The TV chef Hugh Fearnley-Whittingstall has hit the headlines with his campaign to fight food waste and bring Britain back from being the ‘food waste capital of Europe’. After shocking scenes brought to light by Hugh, our founder Ben explains how by shopping with Farmdrop, you are part of the solution.
Our founder Ben Pugh is a man on a mission
Hugh’s War on Waste on BBC ONE makes for yet more harrowing viewing. It’s a brilliant exposé of the total madness that our food system has descended into, and I take my hat off to Hugh Fearnley-Whittingstall for providing viewers with such a genuine reflection of what’s going on in the fields on Britain.
But the real heroes for me are the Hammond family who struggle to keep their parsnip farm going. Over 40% of their root vegetables don’t make it onto the shop shelves – that’s 20 tonnes of parsnips being thrown away, from one farm. And there’s nothing they can do about it. I speak with farmers a lot, and getting them to publicly share the gory details of how badly supermarkets treat them is not easy, such is the culture of fear that six decades of supermarket dominance has created in the UK. A hard-working family farm tearfully pulling up their last parsnips before folding the business is as moving as it is sad, and as it is common.
The real villains conversely were the supermarket Morrisons, who ran a sham of a consumer ugly veg test (pitting fresh ‘perfect’ courgettes against old soft ugly ones. All at the same price). According to the man from Morrisons, the Hammond’s could have sold to anyone. It was all their own fault that they’d gone out of business, apparently.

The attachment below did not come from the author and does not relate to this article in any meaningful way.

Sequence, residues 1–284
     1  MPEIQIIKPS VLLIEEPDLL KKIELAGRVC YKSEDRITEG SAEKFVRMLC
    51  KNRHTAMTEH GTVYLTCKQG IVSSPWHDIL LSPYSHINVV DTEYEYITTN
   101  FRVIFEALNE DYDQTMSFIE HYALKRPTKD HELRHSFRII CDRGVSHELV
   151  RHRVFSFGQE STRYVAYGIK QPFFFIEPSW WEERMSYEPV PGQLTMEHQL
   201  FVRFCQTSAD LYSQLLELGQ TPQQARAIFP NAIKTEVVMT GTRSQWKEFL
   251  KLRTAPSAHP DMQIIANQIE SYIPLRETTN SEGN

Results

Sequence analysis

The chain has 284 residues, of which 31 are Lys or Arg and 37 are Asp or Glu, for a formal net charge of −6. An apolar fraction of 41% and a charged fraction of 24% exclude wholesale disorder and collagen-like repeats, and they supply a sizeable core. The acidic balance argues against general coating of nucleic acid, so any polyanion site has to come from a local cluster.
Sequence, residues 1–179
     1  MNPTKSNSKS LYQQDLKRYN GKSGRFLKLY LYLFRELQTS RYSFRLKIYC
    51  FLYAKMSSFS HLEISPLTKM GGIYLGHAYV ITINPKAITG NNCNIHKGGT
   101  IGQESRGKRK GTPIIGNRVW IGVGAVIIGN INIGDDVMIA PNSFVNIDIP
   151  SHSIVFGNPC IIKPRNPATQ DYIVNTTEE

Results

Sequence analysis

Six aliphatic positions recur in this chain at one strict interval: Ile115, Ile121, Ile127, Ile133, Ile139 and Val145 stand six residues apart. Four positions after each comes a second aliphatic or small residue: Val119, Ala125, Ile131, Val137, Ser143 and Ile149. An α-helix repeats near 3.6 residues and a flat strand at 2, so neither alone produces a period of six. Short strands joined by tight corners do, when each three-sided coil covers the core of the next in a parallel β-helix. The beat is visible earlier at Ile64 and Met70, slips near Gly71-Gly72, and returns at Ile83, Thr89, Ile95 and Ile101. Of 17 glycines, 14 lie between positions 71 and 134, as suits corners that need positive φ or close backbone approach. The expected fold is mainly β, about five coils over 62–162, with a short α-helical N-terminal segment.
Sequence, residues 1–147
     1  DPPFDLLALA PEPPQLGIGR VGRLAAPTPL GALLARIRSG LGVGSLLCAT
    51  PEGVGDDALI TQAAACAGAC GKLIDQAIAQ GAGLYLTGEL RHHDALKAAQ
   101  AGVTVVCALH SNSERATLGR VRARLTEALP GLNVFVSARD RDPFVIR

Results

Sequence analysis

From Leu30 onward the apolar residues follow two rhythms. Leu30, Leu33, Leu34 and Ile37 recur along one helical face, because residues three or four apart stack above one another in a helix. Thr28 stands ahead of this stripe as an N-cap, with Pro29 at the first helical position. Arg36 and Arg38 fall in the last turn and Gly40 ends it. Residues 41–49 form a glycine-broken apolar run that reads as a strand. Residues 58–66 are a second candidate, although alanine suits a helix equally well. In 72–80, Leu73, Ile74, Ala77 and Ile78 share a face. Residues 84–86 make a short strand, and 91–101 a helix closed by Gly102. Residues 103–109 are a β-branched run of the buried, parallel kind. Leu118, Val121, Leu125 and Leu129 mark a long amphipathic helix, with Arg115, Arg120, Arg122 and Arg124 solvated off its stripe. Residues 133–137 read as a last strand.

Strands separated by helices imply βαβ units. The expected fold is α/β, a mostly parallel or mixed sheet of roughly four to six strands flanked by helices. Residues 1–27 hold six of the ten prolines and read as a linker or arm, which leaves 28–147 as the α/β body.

Yes, I too am angry. But not for too much longer. Everyday Farmdrop finds more customers for our amazing local independent producers, and in so doing proves there is an entirely viable alternative to the bleak picture we saw on BBC1 last night.
In fact, Farmdrop was designed to tackle precisely these issues, to fix the food chain two simple ways:
Using technology to bring you ‘click-to-harvest’…
It sounds utopian but trust me, it’s not. Check out our video of the family at Chegworth Valley Farm (below). You place your order and we send it directly to our producers who cut their chard only after someone’s paid for it online. An added benefit (besides amazing fresh and tasty food), is that we would never have a reason to renege on a producer’s order.
David and Linda Deme gave up on supermarkets long ago and have run their award-winning Chegworth Valley Farm for over 30 years
To in turn give producers a much better deal
By removing all unnecessary costs in the chain, we can sustainably give producers approximately 75% of the retail price (I suspect the Hammond’s were keeping less than 40% of the retail price that Morrison’s sold their beautiful parsnips for).
So in answer to the question posed in Hugh’s War on Waste; should we care more about food producers than the sellers? The answer is definitely. They will look after our environment and our health by making the best food in the most sustainable way. The supermarkets do neither.
If you agree with me (and live in London), you can support your local producers by buying directly from them online.